The butterfly effect: the journey of a surfer from Mardin to Cape Town
In the novel Chaos by James Gleick, chaos theory is explained using the butterfly effect: “If a butterfly flaps its wings in Beijing, the wind it creates can cause a storm in New York a month later.” A butterfly’s wings can change the world, and people, too!
The life of Abdurrahim Korkmaz, nicknamed Apo, changed with a butterfly he saw on his neighbour’s television in Mardin, the city in Turkey’s southeast where he grew up. Despite his family’s objections, Korkmaz’s continuing passion for surfing and the sea took him to Turkey’s western province of Izmir and South Africa and made him one of the most beloved and sought-after windsurfers and trainers.
Korkmaz was born on 1 May 1984, as the youngest of seven siblings. As with many people in that region, his family’s life was not easy. They made their living through farming and livestock, with roads, electricity, and running water reaching their village late. The Korkmaz family’s smallest child realized quite young that hardship and impossibility were feeding his dreams. His greatest fantasy was to fly.
He was so mischievous that when he finished middle school, he’d still not learned to read and write in Turkish. While his friends toiled away at their lessons, Korkmaz would jump onto his favourite horse to race with the kids in nearby villages. When he realized how far he was falling behind in school, he went to his older brother for help teaching himself to read and write. His brother also got Korkmaz into the habit of daily reading. Books opened the doors to a new world, where there were no limits to his dreams.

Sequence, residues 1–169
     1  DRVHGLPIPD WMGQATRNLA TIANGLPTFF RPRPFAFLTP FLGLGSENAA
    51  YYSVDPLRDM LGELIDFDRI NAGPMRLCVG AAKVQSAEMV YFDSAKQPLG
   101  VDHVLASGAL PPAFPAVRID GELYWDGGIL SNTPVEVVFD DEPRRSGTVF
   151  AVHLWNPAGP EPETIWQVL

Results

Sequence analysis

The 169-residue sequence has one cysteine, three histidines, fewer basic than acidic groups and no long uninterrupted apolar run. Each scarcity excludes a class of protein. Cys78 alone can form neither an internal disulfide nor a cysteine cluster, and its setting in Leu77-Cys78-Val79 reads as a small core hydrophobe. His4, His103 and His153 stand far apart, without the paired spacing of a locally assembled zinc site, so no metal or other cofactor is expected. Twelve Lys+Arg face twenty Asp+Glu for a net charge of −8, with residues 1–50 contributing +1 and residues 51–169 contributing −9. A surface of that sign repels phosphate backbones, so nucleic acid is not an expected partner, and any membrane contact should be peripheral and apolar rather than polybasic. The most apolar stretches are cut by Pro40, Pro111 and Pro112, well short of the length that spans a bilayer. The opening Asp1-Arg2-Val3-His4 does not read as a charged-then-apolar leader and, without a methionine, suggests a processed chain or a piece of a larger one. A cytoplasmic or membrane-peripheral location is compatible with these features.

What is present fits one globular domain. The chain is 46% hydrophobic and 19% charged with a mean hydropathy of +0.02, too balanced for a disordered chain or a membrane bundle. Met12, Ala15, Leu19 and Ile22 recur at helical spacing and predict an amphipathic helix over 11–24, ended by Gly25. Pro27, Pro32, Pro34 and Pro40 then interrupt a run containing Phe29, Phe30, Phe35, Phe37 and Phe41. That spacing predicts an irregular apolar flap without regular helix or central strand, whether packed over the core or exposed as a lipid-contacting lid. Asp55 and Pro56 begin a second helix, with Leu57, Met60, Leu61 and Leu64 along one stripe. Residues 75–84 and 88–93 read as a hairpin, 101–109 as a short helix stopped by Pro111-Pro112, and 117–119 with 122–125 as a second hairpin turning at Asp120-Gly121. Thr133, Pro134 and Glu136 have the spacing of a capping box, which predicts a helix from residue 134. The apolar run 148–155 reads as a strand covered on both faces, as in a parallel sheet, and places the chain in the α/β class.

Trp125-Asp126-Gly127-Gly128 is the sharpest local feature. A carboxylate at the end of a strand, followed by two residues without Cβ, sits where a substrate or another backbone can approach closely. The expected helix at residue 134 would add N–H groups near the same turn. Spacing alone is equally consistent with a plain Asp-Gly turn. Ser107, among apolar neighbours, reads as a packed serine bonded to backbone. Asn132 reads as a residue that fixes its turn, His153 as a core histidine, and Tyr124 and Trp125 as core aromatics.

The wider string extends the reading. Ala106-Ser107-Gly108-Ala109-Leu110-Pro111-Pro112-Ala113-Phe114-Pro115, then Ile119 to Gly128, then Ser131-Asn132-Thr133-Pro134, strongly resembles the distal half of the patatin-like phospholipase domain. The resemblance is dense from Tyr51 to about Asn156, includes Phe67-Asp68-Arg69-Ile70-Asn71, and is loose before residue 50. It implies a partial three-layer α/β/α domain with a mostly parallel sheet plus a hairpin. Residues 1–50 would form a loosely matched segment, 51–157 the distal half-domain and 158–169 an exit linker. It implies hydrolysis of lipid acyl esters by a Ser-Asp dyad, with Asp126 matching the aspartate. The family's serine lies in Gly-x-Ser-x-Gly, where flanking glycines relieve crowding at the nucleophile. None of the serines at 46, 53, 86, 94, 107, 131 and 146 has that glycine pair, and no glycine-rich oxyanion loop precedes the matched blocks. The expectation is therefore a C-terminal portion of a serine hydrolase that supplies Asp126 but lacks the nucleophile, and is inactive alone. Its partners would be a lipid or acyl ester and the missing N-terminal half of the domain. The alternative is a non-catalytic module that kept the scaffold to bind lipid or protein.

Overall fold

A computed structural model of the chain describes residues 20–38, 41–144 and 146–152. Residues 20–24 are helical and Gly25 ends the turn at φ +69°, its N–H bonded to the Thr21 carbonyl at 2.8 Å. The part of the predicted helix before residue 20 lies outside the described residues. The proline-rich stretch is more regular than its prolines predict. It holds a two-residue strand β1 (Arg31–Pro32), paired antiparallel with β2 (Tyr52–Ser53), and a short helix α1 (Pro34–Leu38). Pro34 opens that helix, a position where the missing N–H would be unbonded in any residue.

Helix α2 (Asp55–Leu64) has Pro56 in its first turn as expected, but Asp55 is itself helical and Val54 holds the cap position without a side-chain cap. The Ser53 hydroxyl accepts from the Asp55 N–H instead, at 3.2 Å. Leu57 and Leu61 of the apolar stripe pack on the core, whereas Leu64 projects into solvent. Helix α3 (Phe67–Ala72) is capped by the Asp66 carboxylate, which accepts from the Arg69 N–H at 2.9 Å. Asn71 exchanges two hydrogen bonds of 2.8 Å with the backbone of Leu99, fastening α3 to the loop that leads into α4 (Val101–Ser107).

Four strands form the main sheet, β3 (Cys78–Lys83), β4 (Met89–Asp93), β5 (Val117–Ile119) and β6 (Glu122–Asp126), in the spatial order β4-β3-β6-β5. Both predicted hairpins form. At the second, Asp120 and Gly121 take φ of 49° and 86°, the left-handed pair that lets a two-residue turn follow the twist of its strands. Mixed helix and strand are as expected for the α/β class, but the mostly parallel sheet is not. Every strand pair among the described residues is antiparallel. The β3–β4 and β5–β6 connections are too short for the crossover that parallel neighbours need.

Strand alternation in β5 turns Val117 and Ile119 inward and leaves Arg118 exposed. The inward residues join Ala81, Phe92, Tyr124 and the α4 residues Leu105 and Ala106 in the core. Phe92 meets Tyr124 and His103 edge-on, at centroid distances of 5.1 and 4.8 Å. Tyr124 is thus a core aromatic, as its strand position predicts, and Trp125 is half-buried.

Around that time, he saw a rainbow-coloured butterfly fluttering over the water on his neighbour’s TV, and he thought to himself how far he lived from any water. For a boy who’d learned to swim in watering holes fed by the rain, he had no explanation for feeling this way.
“In the summer, people watered their animals from those holes and used the water in their homes. I was so curious about swimming that whenever I disappeared from the house, that’s where they’d go looking for me.”
When Korkmaz was 11 years old, amid the violent clashes breaking out in the Southeast, his older sister and her husband moved to the West of Turkey to start a new life. When he went to visit them in Ayvalık, his life also began to change. “
An American guy turned up in a caravan. He took out his surfboard and attached a bunch of accessories to it; then he went out into the water, and he flew! I realised this was called “windsurfing,” and that it can be done in our country, and that it was a sport I could learn,” he says. “As of that that moment, I had an irresistible desire to do it.”
On his way back to Mardin, he read in a magazine that Alaçatı in Izmir was the best place for windsurfing. He set his mind to going to Alaçatı and learning the sport. He remained in Mardin for just a short time before telling his parents he missed his sister and wanted to go visit her again. From his sister’s house, he headed to Alaçatı. Korkmaz recalls sitting on a hill looking out at the surf.
“The moment I arrived, I looked at the sea and saw hundreds of butterflies, so to speak. The sails on the water looked like butterflies and danced like butterflies. I was so spellbound I couldn’t tear my eyes away for an hour. I’d never seen anything so beautiful in my life.”